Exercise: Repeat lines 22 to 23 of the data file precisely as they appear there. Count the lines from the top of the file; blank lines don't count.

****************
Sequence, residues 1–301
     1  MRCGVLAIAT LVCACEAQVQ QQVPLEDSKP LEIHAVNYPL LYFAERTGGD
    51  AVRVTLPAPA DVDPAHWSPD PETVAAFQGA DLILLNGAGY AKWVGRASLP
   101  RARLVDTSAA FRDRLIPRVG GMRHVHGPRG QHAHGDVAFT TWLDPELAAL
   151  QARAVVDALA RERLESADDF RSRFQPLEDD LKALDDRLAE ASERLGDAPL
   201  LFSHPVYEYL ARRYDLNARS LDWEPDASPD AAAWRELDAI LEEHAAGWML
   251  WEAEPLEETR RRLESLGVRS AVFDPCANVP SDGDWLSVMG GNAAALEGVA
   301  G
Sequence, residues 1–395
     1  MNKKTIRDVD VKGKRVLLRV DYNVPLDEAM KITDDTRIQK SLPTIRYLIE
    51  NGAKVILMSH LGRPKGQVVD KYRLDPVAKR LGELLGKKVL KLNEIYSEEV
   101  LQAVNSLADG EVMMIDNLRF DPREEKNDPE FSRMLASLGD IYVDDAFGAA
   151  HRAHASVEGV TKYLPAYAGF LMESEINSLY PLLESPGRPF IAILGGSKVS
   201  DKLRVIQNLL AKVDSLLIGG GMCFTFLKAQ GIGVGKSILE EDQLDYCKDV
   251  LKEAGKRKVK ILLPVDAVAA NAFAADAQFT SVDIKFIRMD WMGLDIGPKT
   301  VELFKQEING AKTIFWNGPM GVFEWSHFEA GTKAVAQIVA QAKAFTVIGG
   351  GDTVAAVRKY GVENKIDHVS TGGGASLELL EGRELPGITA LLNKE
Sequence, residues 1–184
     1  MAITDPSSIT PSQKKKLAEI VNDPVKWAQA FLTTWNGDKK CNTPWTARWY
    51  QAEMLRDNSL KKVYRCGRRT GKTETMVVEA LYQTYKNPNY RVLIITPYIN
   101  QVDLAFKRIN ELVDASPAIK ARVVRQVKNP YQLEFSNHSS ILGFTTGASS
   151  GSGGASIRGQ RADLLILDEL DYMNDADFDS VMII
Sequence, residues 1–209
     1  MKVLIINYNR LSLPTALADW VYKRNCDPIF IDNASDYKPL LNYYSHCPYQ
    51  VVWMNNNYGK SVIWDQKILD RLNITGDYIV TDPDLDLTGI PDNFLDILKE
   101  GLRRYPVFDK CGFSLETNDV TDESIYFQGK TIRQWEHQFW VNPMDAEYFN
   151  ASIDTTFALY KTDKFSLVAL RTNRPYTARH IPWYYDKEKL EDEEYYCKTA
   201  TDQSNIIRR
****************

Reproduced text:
   151  GSGGASIRGQ RADLLILDEL DYMNDADFDS VMII
Sequence, residues 1–209